474 unread emails *shudders*
There are two kinds of people in the world. Those who don’t mind letting their emails mount up and up, and those who have to keep a tight leash on deleting them. I fall firmly into the latter category, and little icons like the above would drive me a teeny, tiny bit crazy. 474 isn’t even that high a number by many standards – I’ve seen friends who have little red numbers in thousands. Personally, it just doesn’t sit well with the little OCD voice in my head. But I have an answer if you want to gain some email control.
At work, with different request, answers, tasks and deadlines landing at the top of my email throughout the day, I follow a simple process I was taught at the start of my career. It’s a simple system, which means I (nearly) always keep a bit of white space at the bottom of my inbox, which helps keep my stress levels down.
The F.A.T system: File, Action or Trash
It’s as simple as it sounds. When an email comes in, you make a decision as to whether it’s something you need to:
- File for later. I have a folder set up for each of my clients, internal projects, new business, etc. If it’s something that relates to an on-going project, or I’m tied up on another piece of work and need to come back to it when I am working on that section of work again, it gets filed away and added to my to-do list for later. When you stick to the FAT system, you get pretty good at working out what needs to be saved and what can be deleted.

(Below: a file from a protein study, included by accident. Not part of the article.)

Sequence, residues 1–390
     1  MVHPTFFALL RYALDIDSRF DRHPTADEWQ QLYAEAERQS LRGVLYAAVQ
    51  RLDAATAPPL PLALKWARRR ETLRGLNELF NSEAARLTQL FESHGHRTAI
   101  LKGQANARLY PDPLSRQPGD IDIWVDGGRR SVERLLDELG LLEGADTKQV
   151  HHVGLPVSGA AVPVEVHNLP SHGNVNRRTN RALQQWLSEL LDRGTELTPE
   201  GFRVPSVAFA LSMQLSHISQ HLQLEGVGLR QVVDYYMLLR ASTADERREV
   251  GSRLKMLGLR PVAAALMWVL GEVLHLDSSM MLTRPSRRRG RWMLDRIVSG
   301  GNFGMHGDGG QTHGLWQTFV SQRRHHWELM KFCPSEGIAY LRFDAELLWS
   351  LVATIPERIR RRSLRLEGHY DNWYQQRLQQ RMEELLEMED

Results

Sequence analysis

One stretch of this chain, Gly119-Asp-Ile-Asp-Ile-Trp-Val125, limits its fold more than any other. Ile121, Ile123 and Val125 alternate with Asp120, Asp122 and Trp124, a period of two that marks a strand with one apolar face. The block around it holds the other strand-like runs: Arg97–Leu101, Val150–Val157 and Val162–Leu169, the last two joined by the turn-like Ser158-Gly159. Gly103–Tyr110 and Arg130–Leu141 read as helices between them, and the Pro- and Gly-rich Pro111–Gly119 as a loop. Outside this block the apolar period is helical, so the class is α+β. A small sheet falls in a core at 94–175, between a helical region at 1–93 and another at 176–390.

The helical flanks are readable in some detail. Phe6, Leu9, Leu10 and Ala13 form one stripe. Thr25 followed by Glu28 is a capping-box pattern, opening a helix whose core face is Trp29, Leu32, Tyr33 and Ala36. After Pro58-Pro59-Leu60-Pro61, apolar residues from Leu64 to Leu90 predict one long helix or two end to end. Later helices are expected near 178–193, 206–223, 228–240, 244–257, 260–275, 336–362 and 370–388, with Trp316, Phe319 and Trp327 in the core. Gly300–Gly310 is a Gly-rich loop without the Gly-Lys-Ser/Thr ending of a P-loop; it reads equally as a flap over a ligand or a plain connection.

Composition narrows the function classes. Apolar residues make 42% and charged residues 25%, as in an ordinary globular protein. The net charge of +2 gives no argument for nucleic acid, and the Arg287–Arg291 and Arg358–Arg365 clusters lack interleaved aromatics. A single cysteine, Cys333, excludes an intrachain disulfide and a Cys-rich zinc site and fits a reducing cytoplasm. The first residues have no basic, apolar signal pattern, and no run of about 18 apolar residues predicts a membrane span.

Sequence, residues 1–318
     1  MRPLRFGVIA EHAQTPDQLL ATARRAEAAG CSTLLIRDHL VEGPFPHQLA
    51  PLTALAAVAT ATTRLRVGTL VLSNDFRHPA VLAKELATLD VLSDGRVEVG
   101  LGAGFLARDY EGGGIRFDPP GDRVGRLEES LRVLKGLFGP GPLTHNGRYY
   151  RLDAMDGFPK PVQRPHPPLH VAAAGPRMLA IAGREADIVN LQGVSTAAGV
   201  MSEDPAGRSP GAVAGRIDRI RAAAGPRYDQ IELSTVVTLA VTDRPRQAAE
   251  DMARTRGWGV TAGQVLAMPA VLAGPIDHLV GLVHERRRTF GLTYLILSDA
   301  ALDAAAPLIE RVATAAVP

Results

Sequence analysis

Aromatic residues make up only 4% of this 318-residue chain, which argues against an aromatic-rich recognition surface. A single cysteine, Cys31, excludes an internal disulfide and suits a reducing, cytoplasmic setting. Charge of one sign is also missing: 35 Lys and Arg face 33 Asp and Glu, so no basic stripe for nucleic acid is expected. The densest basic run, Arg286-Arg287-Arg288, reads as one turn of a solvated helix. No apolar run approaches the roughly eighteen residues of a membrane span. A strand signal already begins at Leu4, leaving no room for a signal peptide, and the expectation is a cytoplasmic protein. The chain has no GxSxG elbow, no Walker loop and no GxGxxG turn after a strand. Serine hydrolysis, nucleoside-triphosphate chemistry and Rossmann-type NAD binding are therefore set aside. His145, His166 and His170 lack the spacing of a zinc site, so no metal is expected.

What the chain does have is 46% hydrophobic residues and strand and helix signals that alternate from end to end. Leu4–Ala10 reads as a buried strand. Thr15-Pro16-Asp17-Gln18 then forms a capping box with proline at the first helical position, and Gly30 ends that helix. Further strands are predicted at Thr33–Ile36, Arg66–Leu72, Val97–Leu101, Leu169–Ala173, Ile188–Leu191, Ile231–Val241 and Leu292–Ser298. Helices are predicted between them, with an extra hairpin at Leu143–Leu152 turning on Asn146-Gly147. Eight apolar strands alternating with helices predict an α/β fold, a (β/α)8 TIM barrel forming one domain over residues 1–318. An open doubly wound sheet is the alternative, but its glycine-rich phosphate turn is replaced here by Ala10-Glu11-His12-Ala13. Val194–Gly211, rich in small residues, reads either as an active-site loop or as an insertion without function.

- Action now. If it’s a quick answer I can easily give, I’ll send a quick reply and delete it straight away. No time like the present. Done!
- Trash. Or Bin as we would say in the UK. If it’s something I’ve been copied into as an FYI and I don’t need to remember any details on it for later, or it’s an all-agency email which has no personal relevance, or it’s something I’ve already actioned – it goes to the bin. Out of sight out of mind. And if I decide I do need it at a later date, I can search deleted items, although I try to permanently delete anything more than a couple of months old.
The only exception to this – the emails I keep in my inbox – are things that I am working on that week with details I know I will need to hand which are too lengthy to be jotted on my to do list. But I aim to keep no more than a maximum of 20 in my inbox each week – keeping an eye on that glorious white space below!
Maybe you think I am super pedantic and need to just relax about the number of emails I have in my inbox. Or perhaps this approach seems a bit lax (if so, please tell me your secret to inbox zen!) Whatever your thoughts, here’s wishing you a productive end to the working week and a manageable to-do list ahead.